Seventeen disengaged research fellows of the Delhi Legislative Assembly moved the Delhi High Court Thursday seeking restoration of an earlier order directing continuation of their services and payment of stipend for the period they had worked.
On September 21, Justice Subramonium Prasad, in an interim order directed that the services of the fellows should not be discontinued and stipend be paid to them till December 6.
The HC lifted the stay on their disengagement on October 3, noting that the issue was specifically argued before the Supreme Court, in a plea challenging the Government of National Capital Territory of Delhi (Amendment) Ordinance, 2023, with regard to control over services in Delhi.
The HC had then said that SC had declined to stay the termination and propriety demanded that the HC ought not have passed the interim order. “Today the SC clarified that this issue was not considered. In that scenario the interim order should be reinstated,” advocate Gautam Narayan appearing for the fellows argued on Thursday before Justice Prasad.
He said that the stipend for the fellows had not been released with respect to the two months they had worked, before their services were terminated on August 9. The fellows are entitled to the payment because the order cannot be made retrospective, he added. “This is an extremely fair submission,” said Justice Prasad, seeking the stand of the respondent authorities — the Legislative Assembly Secretariat, Finance Department and Services Department, asking their counsels to seek instructions. The matter is next listed on November 6.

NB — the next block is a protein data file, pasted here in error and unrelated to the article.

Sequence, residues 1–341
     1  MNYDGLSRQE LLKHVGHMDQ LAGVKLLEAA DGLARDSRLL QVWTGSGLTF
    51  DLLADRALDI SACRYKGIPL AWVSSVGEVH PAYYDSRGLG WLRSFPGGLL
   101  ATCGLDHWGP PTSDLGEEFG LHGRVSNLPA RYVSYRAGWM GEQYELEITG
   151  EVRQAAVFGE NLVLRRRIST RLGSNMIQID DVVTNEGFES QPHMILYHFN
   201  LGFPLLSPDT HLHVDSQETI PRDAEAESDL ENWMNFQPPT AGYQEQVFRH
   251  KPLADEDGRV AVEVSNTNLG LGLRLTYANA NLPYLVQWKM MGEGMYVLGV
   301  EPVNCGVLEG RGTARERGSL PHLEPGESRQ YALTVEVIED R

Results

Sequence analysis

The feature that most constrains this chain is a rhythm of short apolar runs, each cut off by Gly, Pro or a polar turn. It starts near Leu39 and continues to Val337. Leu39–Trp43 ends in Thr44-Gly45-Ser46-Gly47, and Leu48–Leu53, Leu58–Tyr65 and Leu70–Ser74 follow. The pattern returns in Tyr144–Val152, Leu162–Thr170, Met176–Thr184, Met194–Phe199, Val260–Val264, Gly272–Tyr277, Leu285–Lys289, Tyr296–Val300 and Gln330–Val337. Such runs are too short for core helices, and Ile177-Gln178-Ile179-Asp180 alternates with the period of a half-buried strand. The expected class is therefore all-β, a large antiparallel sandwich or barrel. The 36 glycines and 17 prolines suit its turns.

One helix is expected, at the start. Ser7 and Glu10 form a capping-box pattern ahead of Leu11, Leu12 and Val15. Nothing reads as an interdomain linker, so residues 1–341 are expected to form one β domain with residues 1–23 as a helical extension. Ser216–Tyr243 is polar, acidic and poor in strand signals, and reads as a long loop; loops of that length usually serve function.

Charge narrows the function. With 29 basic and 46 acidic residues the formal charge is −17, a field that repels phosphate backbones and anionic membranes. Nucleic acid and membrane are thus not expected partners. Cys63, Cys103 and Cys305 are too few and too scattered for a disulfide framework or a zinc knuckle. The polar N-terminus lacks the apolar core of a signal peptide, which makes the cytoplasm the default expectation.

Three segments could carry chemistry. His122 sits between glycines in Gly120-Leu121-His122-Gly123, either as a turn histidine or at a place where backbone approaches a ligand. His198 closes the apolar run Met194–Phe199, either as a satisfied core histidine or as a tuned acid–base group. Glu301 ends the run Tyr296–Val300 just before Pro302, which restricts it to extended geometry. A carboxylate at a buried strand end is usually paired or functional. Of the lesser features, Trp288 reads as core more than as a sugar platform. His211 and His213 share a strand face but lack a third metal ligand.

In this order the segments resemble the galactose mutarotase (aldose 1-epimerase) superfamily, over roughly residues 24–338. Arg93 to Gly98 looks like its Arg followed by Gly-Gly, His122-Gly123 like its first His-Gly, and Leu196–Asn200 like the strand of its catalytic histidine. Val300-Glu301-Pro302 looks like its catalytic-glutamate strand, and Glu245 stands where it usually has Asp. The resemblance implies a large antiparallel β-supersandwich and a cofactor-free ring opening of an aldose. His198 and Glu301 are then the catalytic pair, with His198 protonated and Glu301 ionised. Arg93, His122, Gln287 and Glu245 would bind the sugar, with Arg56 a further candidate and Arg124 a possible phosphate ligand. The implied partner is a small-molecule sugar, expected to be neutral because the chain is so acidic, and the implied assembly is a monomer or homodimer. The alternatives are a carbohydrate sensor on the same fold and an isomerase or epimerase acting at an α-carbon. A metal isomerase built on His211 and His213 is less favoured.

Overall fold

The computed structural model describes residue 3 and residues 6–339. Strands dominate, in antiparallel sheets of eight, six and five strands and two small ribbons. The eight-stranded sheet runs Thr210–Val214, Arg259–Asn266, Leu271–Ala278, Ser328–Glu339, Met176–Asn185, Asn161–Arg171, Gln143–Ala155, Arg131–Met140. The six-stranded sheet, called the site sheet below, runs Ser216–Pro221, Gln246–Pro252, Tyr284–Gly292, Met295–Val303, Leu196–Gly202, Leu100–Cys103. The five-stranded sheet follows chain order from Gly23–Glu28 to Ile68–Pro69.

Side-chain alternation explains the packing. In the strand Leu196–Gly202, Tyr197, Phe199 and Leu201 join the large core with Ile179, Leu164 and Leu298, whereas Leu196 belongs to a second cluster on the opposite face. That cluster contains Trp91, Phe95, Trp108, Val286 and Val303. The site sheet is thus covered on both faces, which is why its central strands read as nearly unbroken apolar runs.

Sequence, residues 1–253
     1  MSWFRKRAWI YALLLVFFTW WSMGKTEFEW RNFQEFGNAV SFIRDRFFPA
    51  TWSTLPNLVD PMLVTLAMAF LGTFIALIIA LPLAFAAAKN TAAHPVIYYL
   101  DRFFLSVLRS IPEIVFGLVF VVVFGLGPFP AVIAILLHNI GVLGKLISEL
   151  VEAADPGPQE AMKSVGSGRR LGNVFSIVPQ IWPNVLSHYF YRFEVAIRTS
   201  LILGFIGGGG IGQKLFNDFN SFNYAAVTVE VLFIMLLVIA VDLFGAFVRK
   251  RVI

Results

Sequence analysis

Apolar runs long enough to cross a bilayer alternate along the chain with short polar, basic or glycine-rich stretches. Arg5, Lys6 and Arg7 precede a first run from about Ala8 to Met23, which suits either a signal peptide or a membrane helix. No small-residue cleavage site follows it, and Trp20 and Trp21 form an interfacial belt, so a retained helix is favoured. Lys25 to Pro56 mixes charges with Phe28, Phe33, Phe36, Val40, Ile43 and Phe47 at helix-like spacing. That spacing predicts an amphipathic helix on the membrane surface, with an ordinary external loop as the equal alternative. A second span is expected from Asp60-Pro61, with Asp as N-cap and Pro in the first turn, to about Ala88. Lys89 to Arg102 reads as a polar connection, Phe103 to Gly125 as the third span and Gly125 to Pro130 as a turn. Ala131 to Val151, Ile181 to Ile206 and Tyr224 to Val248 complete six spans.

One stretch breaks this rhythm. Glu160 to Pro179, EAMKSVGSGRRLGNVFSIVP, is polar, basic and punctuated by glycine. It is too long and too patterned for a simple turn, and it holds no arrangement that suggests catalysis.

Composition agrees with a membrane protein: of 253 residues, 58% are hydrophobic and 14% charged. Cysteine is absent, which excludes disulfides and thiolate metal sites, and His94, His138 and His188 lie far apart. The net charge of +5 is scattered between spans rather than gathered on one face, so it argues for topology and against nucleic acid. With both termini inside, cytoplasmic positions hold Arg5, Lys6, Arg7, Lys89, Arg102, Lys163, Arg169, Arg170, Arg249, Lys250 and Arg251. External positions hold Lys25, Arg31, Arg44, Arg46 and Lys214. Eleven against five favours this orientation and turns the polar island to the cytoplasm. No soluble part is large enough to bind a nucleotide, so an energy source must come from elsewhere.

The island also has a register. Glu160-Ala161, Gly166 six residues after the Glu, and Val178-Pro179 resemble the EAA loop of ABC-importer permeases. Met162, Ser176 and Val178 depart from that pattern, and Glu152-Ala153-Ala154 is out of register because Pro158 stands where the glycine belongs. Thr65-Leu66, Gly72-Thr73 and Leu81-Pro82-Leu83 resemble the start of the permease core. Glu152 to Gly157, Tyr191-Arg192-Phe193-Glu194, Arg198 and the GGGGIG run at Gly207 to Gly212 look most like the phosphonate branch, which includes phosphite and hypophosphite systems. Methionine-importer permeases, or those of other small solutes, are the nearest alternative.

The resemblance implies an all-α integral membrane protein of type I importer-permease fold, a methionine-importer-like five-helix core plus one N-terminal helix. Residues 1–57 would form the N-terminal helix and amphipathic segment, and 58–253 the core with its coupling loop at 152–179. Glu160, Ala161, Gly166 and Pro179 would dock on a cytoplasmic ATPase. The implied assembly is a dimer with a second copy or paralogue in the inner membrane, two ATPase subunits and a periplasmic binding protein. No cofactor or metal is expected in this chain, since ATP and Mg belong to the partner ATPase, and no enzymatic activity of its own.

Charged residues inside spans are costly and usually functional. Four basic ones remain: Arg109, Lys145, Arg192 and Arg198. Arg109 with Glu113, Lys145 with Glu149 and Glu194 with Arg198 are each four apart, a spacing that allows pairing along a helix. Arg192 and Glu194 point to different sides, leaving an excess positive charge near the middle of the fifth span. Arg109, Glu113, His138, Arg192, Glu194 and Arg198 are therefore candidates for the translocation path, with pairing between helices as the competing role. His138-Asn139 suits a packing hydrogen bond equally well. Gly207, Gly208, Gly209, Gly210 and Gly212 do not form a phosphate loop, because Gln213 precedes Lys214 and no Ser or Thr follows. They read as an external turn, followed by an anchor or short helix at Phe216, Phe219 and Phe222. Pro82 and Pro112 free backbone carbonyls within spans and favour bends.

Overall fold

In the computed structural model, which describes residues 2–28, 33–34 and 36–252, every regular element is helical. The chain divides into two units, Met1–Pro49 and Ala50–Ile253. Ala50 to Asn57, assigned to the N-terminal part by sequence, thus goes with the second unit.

The HC was hearing an application for directions in a pending matter against an August 9 order of the Delhi Assembly Secretariat disengaging services of fellows to the Delhi Assembly Research Centre (DARC) programme at the legislative assembly.
In its September 21 order, the HC had said that the July 5 letter by which the Lieutenant Governor had disengaged the Fellows/Associate Fellows of the DARC was “specifically challenged” by the Delhi government before the Supreme Court in an application filed in the services ordinance matter.
The fellows in their plea had stated that the July 5 letter of the Services department directed that their engagement, for which prior approval of the L-G had not been sought, be discontinued and disbursement of salary to them stopped. The fellows got to know that the Finance department had issued a letter on July 6 directing that the salaries of the fellows be stopped. Thereafter, even though the order was kept in abeyance, the fellows had not been paid their stipends for June, July, and until August 9, when the secretariat discontinued their engagement with immediate effect, it added.